Researchers explain how skin cells swell and shrink

By Andrew MCDOUGALL contact

- Last updated on GMT

Computer model showing the structure of keratin filaments in dry skin (left) and wet skin (right). Credit: Evans/Roth
Computer model showing the structure of keratin filaments in dry skin (left) and wet skin (right). Credit: Evans/Roth

Related tags: Skin

Two physicists have explained how skin cells swell and shrink when they absorb water and this could help to treat a number of skin disorders, and to create materials with skin's remarkable properties.

Professor Roland Roth of Tübingen University and Dr Myfanwy Evans at Erlangen University have shown just why skin has the ability to absorb water and swell up, forming ridges, but quickly return to its old state when dry.


This research, published in the journal Physical Review Letters​, explains skin’s elasticity and response to water which could have medical or cosmetic applications in the future.

This finding not only highlights the importance of patterns and morphology in nature but also gives valuable insight into the functionality of skin.

The swelling and absorption of water occur in the outermost skin layer, which is made of dead cells that are stacked in layers like bricks.

These cells are filled with a network of filaments made of the protein keratin. These keratin strands interlock to form a three-dimensional lattice, which can increase its volume by five times when the strands stretch out.

Skin structure

Evans and Roth have shown how the structure could help skin cells swell and shrink by developing a model describing how the system's energy varies as the network's spacing changes.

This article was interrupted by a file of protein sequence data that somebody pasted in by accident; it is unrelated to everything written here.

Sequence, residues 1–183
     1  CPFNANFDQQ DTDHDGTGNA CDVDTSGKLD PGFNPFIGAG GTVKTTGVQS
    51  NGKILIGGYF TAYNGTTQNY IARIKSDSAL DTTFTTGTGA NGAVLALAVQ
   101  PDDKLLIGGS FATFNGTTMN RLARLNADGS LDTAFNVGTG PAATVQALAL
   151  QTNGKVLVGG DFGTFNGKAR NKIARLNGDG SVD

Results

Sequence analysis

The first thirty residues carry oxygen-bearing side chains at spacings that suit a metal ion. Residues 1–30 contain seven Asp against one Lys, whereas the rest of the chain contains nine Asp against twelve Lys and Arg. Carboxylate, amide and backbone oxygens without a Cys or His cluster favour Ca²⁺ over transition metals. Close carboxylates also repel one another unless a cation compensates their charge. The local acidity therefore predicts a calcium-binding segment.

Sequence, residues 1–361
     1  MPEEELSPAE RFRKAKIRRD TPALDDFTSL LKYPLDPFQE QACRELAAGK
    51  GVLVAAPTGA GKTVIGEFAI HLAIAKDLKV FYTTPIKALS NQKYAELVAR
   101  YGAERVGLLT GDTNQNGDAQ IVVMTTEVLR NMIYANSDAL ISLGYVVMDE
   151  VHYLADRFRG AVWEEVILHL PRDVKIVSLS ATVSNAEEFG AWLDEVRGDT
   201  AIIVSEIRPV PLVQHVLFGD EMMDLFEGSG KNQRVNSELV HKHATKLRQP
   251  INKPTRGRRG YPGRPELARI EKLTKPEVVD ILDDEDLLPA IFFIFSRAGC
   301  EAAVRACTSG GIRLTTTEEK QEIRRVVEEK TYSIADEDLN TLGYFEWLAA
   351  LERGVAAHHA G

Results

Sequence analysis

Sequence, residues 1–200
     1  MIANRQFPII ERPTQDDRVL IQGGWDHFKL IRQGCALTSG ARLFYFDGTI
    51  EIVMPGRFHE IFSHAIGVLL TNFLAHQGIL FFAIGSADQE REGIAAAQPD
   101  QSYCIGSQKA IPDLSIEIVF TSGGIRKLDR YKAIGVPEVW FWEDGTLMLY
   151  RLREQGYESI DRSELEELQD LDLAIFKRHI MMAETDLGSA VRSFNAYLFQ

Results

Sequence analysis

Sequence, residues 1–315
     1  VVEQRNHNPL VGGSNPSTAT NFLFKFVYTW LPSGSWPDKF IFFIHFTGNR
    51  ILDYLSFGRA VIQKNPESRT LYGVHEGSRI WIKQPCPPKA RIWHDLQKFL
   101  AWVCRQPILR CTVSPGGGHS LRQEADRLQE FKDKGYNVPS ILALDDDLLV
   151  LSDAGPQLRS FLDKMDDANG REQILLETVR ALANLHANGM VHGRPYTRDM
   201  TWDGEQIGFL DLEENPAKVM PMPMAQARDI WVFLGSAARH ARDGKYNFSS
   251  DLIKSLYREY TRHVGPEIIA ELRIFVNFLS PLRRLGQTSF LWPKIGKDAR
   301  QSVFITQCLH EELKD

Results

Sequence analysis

They first calculated the filaments' willingness to absorb water and found that this energy decreases, meaning that the structure is inclined to expand and absorb water.

However, the skin also shrinks back to its original state quite easily so, inspired by previous filament elasticity measurements, the scientists realized that the tension in a stretched filament could provide the counteracting force.

“The interplay of these opposing forces ensures that the skin can only absorb a certain amount of water, moving between two extreme states limited by the skin's physical structure,”​ says the study.

The researchers conclude that the keratin filaments' geometry must be crucial to skin's response to water because it keeps the system in an energy range that enables but also curbs expansion.


Myfanwy E. Evans, Roland Roth. Shaping the Skin: The Interplay of Mesoscale Geometry and Corneocyte Swelling​. Physical Review Letters​, 2014; 112 (3) DOI: 10.1103/PhysRevLett.112.038102

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